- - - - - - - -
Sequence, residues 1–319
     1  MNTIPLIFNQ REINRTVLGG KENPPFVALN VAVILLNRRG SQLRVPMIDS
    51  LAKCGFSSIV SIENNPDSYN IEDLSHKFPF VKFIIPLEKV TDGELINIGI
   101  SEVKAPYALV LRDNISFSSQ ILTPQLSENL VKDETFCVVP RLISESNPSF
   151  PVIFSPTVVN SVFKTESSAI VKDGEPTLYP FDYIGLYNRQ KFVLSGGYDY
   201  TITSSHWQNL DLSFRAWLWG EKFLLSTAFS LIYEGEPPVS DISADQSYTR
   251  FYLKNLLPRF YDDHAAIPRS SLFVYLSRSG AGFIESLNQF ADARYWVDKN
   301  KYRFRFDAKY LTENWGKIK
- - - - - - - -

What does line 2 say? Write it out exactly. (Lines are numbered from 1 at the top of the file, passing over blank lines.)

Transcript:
     1  MNTIPLIFNQ REINRTVLGG KENPPFVALN VAVILLNRRG SQLRVPMIDS